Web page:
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Makaya McCraven "In These Times" 

MOJO - The 50 Best Albums Of 2022 - #19

“Another of International Anthem’s Chicago stable of virtuoso insurgents, drummer and bandleader McCraven was first sighted outside jazz circles with his 2020 album-length remix of Gil Scott-Heron. In These Times, though, was McCraven’s boldest statement yet, a sumptuous chamber jazz suite powered by his jittery beats and well-connected community activism. One to file alongside David Axelrod’s scores or, more recently, Kamasi Washington’s similarly ambitious epics.”


Uncut - Uncut’s Best New Albums Of 2022 - #44

“Though renowned as an inventive jazz drummer, McCraven is also a talented composer, arranger and programmer. Those skills came to the fore on his sixth album, recorded piecemeal over the course of seven years with a cast of Chicago luminaries but always sounding like a unified work: the lush, sweeping visions of Charles Stepney or David Axelrod allied to the addictive lollop of J Dilla’s beats.”


  • FADER included In These Times in their “50 Best Albums of 2022” at # 48 saying:

    • “Even amidst a contemporary revival that has reemphasized Jazz’s groove and status as Black music, In These Times is a singular achievement, one proving that McCraven’s dialog between past and present is a fruitful one, and that he has much more left to say”


  • NPR published their overall list (Makaya’s album was already mentioned on Nate Chinen and Sheldon Pearce’s year-end lists) and included In These Times at # 7 on their “50 Best Albums of 2022” saying:

    • In These Times is the album that Makaya McCraven has been wanting to make his whole life: a sonic sock-it-to-me cake that folds in his beatmaking, clever compositions, Hungarian lineage (from his folk singer mother) and free-jazz roots (from his drummer father) alongside symphonic and heavy funk. The scale of the work alone is breathtaking, yet intentionally inclusive. A slice of this album makes the case that today's jazz greats deserve to be included on everybody's plate. —Ayana Contreras, Vocalo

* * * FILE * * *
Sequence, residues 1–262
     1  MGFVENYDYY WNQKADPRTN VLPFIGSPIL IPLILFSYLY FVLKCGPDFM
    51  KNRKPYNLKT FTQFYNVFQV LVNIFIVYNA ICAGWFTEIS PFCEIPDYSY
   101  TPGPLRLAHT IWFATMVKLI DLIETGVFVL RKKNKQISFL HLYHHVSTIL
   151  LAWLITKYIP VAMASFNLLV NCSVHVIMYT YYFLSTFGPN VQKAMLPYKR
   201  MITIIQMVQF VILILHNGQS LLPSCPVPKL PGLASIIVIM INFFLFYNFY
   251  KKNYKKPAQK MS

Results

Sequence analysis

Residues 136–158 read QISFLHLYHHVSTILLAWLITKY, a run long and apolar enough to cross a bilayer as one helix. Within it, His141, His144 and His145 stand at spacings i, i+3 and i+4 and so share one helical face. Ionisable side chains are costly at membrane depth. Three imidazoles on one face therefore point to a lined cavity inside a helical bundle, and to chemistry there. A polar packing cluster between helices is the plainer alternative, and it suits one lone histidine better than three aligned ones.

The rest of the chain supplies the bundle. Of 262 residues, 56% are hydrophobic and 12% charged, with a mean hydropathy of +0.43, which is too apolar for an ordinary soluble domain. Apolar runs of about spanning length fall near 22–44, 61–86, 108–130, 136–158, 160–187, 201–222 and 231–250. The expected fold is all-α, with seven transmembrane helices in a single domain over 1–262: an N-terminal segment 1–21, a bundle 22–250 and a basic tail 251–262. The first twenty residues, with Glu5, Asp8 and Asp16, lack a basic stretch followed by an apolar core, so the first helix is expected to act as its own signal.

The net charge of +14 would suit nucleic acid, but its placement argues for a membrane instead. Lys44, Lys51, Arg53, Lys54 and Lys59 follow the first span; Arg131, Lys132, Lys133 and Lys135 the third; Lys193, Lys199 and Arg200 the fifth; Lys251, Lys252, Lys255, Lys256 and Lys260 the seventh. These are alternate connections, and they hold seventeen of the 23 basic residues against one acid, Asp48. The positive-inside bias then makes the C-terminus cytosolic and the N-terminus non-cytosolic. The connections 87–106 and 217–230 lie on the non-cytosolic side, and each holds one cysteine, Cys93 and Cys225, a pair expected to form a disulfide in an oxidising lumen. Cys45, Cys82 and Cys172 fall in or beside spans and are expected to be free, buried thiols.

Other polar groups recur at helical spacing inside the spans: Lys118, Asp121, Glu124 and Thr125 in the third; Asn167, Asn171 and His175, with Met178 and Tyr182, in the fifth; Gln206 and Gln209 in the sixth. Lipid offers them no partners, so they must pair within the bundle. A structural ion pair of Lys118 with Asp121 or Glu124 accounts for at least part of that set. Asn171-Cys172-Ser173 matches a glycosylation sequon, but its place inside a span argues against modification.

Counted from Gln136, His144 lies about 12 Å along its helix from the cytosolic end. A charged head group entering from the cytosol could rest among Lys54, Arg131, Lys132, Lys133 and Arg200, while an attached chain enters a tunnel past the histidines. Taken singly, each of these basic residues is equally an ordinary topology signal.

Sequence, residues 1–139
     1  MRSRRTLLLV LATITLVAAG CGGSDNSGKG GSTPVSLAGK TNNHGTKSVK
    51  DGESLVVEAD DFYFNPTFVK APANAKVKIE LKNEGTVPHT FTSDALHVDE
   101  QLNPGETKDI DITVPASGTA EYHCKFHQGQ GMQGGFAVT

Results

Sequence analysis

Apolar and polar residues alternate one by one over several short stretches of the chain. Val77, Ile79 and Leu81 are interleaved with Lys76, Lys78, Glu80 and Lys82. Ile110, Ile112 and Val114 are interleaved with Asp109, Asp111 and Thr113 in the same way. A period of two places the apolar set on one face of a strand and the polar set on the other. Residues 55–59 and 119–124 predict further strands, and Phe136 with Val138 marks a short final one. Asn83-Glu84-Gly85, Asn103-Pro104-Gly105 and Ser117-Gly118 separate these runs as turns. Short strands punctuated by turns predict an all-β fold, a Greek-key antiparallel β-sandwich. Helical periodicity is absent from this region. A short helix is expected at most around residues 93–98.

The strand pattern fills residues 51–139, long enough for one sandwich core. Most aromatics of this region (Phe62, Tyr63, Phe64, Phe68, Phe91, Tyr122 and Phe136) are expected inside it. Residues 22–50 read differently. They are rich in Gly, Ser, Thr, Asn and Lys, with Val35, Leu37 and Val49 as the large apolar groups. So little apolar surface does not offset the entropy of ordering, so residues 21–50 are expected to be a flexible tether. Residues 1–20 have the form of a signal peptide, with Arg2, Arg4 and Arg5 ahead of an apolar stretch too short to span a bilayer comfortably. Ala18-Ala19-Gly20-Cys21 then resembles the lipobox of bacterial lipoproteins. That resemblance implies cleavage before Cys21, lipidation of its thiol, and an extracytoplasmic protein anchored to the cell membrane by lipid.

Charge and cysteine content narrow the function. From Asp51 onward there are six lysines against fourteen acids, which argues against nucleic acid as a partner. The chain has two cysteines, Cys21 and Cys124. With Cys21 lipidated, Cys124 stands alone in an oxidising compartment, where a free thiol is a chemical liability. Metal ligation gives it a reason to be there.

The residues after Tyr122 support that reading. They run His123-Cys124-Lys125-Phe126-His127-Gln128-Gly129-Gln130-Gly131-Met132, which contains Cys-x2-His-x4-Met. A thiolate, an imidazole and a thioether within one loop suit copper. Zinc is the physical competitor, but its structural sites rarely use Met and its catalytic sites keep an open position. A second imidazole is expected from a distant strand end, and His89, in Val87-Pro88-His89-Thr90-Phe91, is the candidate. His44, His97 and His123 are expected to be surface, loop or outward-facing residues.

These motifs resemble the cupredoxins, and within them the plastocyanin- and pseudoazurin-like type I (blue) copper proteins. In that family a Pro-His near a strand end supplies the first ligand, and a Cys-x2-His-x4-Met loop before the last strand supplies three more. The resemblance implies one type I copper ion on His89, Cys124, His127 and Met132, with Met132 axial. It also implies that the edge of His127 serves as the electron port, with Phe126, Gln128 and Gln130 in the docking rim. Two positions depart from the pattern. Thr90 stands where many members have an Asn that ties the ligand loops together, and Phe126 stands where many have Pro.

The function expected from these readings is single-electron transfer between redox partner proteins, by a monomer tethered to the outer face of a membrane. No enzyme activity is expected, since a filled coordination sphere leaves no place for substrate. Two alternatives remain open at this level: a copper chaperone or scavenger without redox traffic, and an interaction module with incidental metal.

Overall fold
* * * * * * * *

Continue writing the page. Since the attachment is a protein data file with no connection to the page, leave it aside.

• Glide Magazine included In These Times in their Best Jazz Albums of 2022 round-up saying:

    • It’s often been said that the best players can be quickly identified in just a few notes or beats. Makaya is one of them. He has a singular, readily identifiable style.


  • Aquarium Drunkard mentioned In Theses Times in their annual Year In Review saying:

    • The jazz percussionist’s most accomplished work to date, In These Times almost feels like a cathartic soundtrack to the downs of everyday life. Recalling the comforting soundscapes of the likes of Dortohy Ashby, the instrumental suite features a remarkable cast of collaborators including Jeff Parker, harpist Brandee Younger and Blue Note’s Joel Ross on vibraphone/marimba. Handling a multitude of instruments himself, In These Times has proven McCraven a masterful composer of modern jazz and beyond.

Pino Palladino & Blake Mills "Notes With Attachments"


"their willingness to shift directions mid-song doesn’t feel like the work of ADHD minds — that some songs seem like stitched together fragments doesn’t feel haphazard, but more a cosmic patchwork of segments that shouldn’t work together, but that Palladino and Mills have found ways to actually fit together — and make it seem totally effortless." Holly Hazelwood


"The album certainly leaves you with a sense of dislocation and déjà vu, as if hearing musical avenues open, meander deliciously, then abruptly slam shut. It’s disorientating, surprising, at times deeply funky, and often very beautiful." Tim Clarke


“​​Midnight Crisp shows that Takuya Kuroda is a master of knowing what parts to work with and how to assemble them properly. It's a future classic.” Pop Matters 


“Kuroda once again leverages his mastery of sampling, loop and hip-hop beat assembling to form contemporary jazz with present-day sensibilities.” Something Else